After reading about Craft for years, I’ve always thought about eating here but hating the fact that they don’t serve lunch, except at its sister branch Craftbar. That’s until I read from the NY Times’ blog, The Diner’s Journal that Craft started to serve lunch again.
Upon entering this restaurant, I was a bit surprised how the its interiors look: pared down, rustic, exposed wooden beams and floors, even the incandescent light bulbs that hang down from the ceiling. It kind of suggest its reference to strong, simple, pure, and straight-forward flavors to the food.
After perusing their menu for a couple of minutes, with a good amount of attention from two different waitresses (possibly because of my camera or the fact that it’s just three other tables in their section?), I’ve finally ordered.
The somewhat different or noticeable thing to note is the way they serve their bread. It’s actually brought in a bread board (of two types: sourdough and whole grain) with your butter. Quite rustic yet unusual from my many experiences of eating out.
As for my appetizer, I ordered the sweetbreads with wilted arugula. I know, the previous post I’ve ordered sweetbreads that I’m actually clogging my arteries with extra fat that I’m really shortening my life span by a couple of years. Anyways, these sweetbreads were served in individual cast iron pan which kind of evokes the rusticity of something close to the farm or home. Quite endearing.
The sweetbreads are seared that it has a salty, thin, crisp crust with the meaty innards. I can’t really explain what sweetbreads taste like except it tastes like meat even though it’s a gland. You just have to try it once and I assure you’ll become addicted to it. The wilted arugula didn’t really do much for this dish except maybe justify I’m eating something bad and have a little bit of greens, despite the fact it’s coated in the lovely fat from the sweetbreads.
The other accouterments that accompanied the sweetbreads are quince cake and a quince puree, which was a good contrast to sort of cut through the fattiness of the sweetbreads from the quince’s tartness yet accompany it by it’s sweetness and soft texture.
As I was eating my sweetbreads, an older woman who sat at the adjacent table offered me her bottle of sparkling water since she’s eating by herself, that she told me that she can’t finish it by herself and willing to share it with me. Initially it struck me as odd since that never happened to me before but I didn’t mind having some free bubbly water that would’ve cost me at around $5 if I bought the whole thing (she covered the cost, which I thanked her for doing so).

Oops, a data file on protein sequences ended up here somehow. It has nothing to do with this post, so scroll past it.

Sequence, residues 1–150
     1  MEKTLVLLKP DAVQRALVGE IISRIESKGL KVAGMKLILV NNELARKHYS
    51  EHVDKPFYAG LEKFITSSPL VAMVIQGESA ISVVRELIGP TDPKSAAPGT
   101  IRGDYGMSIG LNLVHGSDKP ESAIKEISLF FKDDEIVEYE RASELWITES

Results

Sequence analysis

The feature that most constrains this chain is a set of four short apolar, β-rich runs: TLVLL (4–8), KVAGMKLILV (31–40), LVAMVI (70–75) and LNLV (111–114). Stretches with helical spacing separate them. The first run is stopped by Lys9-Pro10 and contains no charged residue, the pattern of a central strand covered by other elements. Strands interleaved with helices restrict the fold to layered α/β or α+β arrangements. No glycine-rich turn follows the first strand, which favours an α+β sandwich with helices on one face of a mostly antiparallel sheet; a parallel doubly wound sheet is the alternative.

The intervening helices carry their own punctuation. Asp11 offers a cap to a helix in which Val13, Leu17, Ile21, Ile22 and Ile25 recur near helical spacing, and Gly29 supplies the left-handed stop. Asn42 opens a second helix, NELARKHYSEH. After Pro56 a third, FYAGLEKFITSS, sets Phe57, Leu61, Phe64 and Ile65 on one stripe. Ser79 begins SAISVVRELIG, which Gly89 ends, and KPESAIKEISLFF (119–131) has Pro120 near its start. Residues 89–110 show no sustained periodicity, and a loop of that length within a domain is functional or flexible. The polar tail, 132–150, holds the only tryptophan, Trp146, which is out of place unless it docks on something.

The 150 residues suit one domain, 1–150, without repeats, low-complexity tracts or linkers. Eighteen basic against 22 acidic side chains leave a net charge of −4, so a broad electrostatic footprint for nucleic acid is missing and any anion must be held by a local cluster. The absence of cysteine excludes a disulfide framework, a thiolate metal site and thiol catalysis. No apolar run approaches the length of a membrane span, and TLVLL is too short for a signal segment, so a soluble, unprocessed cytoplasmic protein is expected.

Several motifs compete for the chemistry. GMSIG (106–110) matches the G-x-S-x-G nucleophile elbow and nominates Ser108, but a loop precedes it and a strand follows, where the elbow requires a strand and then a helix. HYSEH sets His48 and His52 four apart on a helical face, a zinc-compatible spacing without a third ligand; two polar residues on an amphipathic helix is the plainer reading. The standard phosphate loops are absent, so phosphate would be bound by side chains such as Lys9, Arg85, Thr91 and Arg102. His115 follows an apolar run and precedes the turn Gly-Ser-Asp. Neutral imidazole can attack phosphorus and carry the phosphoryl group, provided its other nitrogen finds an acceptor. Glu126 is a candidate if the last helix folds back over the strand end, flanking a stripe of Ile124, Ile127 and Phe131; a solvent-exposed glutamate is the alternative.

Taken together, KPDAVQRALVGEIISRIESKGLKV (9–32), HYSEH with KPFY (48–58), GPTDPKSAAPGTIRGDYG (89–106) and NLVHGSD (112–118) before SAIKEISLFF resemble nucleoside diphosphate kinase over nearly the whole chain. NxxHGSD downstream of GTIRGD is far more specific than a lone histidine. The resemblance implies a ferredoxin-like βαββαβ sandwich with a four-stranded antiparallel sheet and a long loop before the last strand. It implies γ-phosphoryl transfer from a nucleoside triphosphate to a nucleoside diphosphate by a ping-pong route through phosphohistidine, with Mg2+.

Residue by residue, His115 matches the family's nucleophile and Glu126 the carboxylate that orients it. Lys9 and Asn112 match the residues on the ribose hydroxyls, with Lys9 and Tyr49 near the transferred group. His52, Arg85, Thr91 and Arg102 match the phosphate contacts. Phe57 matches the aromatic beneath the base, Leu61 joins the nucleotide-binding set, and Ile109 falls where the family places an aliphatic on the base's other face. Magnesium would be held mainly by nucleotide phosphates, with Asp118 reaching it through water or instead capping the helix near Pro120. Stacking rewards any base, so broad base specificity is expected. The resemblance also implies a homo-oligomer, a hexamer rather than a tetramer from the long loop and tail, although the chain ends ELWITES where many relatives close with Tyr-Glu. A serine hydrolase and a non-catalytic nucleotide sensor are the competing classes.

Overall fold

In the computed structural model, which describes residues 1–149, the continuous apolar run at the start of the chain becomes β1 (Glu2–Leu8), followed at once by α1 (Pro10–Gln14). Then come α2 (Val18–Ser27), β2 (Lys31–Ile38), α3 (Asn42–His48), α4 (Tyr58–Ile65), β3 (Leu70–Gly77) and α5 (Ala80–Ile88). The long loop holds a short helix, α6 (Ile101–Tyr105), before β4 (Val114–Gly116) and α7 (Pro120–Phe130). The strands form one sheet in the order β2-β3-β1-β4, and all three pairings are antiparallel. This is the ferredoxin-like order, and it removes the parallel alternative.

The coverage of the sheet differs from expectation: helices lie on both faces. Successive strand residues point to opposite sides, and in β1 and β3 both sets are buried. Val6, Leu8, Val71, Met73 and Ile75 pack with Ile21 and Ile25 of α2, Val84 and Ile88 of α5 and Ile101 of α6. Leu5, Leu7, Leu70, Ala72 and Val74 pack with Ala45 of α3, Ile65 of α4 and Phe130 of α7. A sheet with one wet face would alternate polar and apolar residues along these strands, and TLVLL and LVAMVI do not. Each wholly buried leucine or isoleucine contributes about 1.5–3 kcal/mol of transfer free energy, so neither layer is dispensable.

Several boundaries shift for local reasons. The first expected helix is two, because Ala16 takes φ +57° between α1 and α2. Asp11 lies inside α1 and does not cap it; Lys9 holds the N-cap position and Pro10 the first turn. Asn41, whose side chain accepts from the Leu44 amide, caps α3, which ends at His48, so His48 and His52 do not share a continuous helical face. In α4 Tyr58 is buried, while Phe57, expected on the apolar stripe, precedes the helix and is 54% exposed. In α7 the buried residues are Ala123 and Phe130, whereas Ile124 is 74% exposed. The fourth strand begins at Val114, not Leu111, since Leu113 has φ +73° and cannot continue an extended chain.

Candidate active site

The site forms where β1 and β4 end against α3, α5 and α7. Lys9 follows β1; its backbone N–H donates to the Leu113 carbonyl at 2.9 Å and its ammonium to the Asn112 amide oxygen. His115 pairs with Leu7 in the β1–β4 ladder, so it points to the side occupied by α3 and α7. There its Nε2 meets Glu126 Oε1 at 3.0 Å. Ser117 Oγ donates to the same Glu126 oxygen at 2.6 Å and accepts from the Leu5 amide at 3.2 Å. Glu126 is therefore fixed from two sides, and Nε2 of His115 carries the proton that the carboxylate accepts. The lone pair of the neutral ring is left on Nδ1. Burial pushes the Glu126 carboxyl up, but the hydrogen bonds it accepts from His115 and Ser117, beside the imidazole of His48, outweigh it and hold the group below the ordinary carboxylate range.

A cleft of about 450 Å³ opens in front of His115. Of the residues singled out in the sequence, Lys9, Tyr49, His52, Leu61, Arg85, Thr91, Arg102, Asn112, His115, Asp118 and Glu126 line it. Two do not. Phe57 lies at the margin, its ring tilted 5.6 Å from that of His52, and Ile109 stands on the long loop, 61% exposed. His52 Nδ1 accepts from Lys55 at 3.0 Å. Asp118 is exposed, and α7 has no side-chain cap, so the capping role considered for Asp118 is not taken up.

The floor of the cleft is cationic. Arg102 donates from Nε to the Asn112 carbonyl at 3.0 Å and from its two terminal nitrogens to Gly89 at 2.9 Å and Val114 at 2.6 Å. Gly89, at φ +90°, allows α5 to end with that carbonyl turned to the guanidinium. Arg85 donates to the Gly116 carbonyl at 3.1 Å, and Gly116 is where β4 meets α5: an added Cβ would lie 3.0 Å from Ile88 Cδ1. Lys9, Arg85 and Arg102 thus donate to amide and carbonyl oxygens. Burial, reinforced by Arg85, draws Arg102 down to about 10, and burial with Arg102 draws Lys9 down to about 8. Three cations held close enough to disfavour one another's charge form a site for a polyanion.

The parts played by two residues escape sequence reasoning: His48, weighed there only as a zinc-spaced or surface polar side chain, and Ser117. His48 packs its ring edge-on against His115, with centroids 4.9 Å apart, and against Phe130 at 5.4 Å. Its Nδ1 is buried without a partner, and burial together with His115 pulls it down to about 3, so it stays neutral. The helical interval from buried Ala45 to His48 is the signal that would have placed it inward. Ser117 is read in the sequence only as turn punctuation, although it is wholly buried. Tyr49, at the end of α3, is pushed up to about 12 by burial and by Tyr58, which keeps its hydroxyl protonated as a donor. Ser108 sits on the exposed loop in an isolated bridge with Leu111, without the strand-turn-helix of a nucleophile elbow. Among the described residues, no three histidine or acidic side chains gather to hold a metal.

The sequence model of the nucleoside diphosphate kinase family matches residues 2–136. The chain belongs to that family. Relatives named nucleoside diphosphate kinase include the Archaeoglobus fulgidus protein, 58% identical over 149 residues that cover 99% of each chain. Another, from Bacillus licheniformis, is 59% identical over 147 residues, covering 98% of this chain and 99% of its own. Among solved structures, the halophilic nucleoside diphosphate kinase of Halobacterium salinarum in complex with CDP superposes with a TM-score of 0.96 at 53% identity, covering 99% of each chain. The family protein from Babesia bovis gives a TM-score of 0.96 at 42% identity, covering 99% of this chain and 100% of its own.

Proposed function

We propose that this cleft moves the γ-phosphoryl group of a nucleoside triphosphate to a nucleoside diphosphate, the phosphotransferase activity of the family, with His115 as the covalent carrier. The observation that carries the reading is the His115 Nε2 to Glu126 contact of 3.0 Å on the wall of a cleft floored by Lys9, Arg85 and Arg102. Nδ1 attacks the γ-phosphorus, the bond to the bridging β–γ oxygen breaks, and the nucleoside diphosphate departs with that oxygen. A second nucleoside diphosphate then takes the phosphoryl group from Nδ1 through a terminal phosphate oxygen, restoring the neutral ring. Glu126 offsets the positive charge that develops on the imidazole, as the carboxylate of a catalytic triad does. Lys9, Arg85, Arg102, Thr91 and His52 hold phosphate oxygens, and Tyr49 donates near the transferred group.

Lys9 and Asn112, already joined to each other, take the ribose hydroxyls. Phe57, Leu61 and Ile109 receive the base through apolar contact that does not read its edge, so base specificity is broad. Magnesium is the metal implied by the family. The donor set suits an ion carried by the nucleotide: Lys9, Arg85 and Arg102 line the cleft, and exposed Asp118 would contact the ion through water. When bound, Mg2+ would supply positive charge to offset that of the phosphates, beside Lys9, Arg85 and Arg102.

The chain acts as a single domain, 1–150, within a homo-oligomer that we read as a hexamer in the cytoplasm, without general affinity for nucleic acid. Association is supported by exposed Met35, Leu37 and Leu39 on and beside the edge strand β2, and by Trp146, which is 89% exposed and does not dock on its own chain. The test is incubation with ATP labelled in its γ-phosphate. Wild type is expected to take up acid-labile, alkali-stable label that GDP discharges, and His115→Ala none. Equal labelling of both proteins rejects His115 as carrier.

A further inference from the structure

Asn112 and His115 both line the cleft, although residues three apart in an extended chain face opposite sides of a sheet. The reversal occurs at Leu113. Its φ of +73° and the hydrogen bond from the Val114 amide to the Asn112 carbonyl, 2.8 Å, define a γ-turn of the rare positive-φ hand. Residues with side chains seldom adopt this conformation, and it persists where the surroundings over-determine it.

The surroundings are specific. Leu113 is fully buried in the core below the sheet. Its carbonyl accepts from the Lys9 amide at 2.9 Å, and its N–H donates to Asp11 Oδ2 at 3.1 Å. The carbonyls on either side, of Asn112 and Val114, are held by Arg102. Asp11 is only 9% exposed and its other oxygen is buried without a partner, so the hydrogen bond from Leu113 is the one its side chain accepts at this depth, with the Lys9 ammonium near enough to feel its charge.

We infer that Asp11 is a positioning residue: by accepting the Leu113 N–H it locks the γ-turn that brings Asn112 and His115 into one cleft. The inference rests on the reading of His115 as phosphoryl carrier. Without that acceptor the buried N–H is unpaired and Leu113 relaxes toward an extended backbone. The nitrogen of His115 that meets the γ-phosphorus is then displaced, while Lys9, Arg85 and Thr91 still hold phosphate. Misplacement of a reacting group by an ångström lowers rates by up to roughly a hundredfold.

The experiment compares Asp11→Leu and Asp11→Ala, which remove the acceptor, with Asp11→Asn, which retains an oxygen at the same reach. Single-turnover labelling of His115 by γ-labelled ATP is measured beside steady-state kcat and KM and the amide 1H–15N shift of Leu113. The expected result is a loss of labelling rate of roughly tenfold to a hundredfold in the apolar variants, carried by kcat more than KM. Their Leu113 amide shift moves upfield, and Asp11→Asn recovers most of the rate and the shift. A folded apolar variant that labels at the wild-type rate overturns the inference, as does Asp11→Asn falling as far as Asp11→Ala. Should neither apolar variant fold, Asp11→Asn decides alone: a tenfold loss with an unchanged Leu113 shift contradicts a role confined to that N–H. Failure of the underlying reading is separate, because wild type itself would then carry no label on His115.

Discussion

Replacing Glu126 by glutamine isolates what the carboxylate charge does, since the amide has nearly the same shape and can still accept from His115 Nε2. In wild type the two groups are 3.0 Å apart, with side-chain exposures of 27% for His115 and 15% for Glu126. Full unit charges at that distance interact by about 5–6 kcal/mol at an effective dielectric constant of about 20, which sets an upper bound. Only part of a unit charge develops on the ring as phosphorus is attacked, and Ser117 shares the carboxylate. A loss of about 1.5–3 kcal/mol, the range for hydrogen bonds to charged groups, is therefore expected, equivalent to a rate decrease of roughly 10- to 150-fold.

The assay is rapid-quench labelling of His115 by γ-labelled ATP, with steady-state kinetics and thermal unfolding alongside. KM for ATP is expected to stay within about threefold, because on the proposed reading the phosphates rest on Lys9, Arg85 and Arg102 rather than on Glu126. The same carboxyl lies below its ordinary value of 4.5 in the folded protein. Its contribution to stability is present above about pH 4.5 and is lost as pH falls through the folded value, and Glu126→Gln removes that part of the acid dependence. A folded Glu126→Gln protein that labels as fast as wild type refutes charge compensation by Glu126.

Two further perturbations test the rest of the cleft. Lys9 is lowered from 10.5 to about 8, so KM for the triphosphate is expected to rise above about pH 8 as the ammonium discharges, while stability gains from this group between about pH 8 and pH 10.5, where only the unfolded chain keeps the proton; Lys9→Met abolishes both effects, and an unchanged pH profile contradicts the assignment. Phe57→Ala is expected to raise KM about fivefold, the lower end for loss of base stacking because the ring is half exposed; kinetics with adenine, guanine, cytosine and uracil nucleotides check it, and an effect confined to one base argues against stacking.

After finishing my appetizer and sipping the carbonated water, I observed the dining room a bit as more diners arrived. About half of the diners were here on a business lunch, while the remainder are people who are eating with friends. It’s more of a relaxed, refined yet rustic restaurant. There’s no haughtiness. No pretense. It’s just you, the food, and good service.
Then the remainder of my food arrived, the side dish of roasted brussels sprouts and my half portion of pumpkin ravioli.
The brussels sprouts was recommended by my waitress when I inquired what is the recommended vegetable, since I feel like I should eat some roughage from the generally bad food I’m eating, she said the brussels sprouts are the best. And it’s served with bacon. After eating one of these babies, they were delicious. It’s slightly crisp from the lovely caramelization and tossed with the rendered bacon fat and crisp bits, how can this dish go wrong? I’ve ate every last morsel on that plate.
The explanation of me having only a half portion of the pumpkin ravioli was because I wasn’t exactly starving when I came here. Heeding that warning to my waitress, she actually told me to go for the half portion since the raviolis are quite heavy, and take it from there if I’m still hungry. Would these three large, round dough filled with pumpkin puree sit before me should make feel full? I was skeptical at first but after eating them, it does actually does the job.
The ravioli shell were cooked to al dente, stuffed with savory-sweet pumpkin puree that gushes out when it’s cut in half, flavored with hints of rosemary. The hen of the wood mushrooms was very mild in flavor and it gives it some additional dimension of chewy texture. What makes this dish more appealing was the sweet brown butter sauce with the crunchy, toasted pumpkin seeds that topped it off, it melds everything together. If you had a little bit of everything in one bite, it’s quite divine and very seasonal.
This was quite a wonderful lunch. I would come back again if I had the time and if I had the expenses to splurge on to try out the rest of the menu.
43 E 19th Street
New York, NY 10003